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US television show axed after star's racist tweet

US television show axed after star's racist tweet

Hollywood TV studio ABC has pulled the plug on ‘Roseanne’, one of their most successful sitcoms, after its lead star Roseanne Barr made a racist tweet about former US President Barack Obama’s senior adviser Valerie Jarrett.

Barr used Jarrett’s initials and wrote, “Muslim Brotherhood & planet of the apes had a baby.”

“Roseanne’s Twitter statement is abhorrent, repugnant and inconsistent with our values, and we have decided to cancel her show,” ABC Entertainment President Channing Dungey said in a statement, posted on Twitter.

Barr tried to do damage control by tweeting an apology where she admitted that the joke was in poor taste and possibly a side effect of sleeping pills.

“I apologise to Valerie Jarrett and to all Americans. I am truly sorry for making a bad joke about her politics and her looks. I should have known better. Forgive me, my joke was in bad taste,” she said as she announced that she was quitting Twitter.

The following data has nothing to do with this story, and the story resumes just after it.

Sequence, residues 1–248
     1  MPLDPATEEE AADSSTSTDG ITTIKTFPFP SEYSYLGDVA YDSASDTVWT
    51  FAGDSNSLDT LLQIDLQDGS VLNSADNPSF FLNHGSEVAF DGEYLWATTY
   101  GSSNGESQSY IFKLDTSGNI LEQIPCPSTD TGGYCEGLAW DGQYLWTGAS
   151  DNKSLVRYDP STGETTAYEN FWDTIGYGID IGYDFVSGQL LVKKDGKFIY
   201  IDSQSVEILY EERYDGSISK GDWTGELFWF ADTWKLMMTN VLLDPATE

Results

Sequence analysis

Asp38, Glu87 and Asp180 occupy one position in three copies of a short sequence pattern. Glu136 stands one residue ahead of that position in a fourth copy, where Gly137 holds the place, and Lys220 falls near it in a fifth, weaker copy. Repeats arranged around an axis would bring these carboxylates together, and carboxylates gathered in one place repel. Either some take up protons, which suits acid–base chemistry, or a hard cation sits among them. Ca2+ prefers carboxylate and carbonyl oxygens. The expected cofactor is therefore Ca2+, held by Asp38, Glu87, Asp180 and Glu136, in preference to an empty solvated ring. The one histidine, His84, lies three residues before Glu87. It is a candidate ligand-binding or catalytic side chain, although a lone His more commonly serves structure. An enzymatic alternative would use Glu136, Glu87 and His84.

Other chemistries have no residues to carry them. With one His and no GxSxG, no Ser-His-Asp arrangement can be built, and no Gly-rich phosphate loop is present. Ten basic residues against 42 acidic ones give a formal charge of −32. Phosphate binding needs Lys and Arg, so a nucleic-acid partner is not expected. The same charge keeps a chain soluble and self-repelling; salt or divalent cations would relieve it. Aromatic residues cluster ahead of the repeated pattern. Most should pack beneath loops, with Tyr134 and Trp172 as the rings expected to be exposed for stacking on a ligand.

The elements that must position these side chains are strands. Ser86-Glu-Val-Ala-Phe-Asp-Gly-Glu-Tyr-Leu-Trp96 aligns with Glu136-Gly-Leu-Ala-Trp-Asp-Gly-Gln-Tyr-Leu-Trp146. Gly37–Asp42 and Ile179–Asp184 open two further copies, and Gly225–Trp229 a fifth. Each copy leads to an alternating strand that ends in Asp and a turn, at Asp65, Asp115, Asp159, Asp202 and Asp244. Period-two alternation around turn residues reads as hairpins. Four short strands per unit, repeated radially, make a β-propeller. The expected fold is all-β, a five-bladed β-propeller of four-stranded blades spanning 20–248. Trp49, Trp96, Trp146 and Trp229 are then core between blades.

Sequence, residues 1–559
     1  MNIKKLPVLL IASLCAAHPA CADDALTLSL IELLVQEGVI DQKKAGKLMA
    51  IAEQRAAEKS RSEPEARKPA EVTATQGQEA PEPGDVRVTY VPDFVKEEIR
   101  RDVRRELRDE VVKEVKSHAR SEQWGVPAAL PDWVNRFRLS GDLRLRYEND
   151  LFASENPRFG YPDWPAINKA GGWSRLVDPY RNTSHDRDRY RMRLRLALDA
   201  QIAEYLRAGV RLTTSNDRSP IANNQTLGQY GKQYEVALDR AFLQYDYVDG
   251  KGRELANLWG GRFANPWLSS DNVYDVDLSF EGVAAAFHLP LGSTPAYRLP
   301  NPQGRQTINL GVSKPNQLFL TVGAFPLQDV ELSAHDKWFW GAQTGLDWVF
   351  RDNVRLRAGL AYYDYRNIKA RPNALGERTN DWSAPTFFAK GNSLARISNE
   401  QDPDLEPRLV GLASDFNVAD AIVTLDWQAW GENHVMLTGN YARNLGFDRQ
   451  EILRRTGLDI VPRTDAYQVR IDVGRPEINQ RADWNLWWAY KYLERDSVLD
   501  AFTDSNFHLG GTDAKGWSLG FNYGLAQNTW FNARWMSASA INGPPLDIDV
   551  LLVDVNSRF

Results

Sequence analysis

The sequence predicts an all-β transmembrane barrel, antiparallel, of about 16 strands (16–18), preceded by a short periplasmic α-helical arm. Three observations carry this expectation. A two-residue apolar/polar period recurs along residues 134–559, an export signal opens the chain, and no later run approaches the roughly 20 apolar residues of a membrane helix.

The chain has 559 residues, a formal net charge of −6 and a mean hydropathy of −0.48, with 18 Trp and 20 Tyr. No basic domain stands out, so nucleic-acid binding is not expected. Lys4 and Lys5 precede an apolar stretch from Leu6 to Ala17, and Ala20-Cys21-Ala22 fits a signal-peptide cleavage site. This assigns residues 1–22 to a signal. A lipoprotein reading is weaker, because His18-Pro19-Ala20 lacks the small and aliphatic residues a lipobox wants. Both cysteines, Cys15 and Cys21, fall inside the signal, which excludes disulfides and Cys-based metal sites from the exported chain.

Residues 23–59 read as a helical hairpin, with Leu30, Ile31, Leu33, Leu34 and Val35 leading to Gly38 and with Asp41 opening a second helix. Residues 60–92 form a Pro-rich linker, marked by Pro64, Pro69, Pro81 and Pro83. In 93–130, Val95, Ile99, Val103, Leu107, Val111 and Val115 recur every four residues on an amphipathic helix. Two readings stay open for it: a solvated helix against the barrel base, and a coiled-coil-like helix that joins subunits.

But the damage was already done as the network ended the show while her agency, ICM, dropped her as a client.

The cast members of the show also criticised Barr’s tweet, explaining that it did not reflect their views.

“Roseanne’s recent comments about Valerie Jarrett, and so much more, are abhorrent and do not reflect the beliefs of our cast and crew or anyone associated with our show. I am disappointed in her actions to say the least,” co-star Sara Gilbert tweeted.

Gilbert expressed her sorrow over the show’s demise in another tweet. She said, “This is incredibly sad and difficult for all of us, as we’ve created a show that we believe in, are proud of, and that audiences love -- one that is separate and apart from the opinions and words of one cast member.”

Another actor, Emma Rose Kenney, tweeted, “I am hurt, embarrassed, and disappointed. The racist and distasteful comments from Roseanne are inexcusable.”

Writer Wanda Sykes quit the show via Twitter while executive producer Tom Werner, who had produced the original and was a key figure in its revival, supported ABC’s decision to end the show.

The network had already ordered a second season of “Roseanne”, which was one of the most-watched shows on TV.

The show dealt with contemporary issues like Donald Trump’s election as the US president, illegal immigration, and Muslim-Americans.

It returned for a 10th season in March this year after a hiatus of two decades to great viewership on ABC, pulling in over 18 million viewers on its premiere.

Barr, who is a vocal Trump supporter, even received a congratulatory message from the US president.

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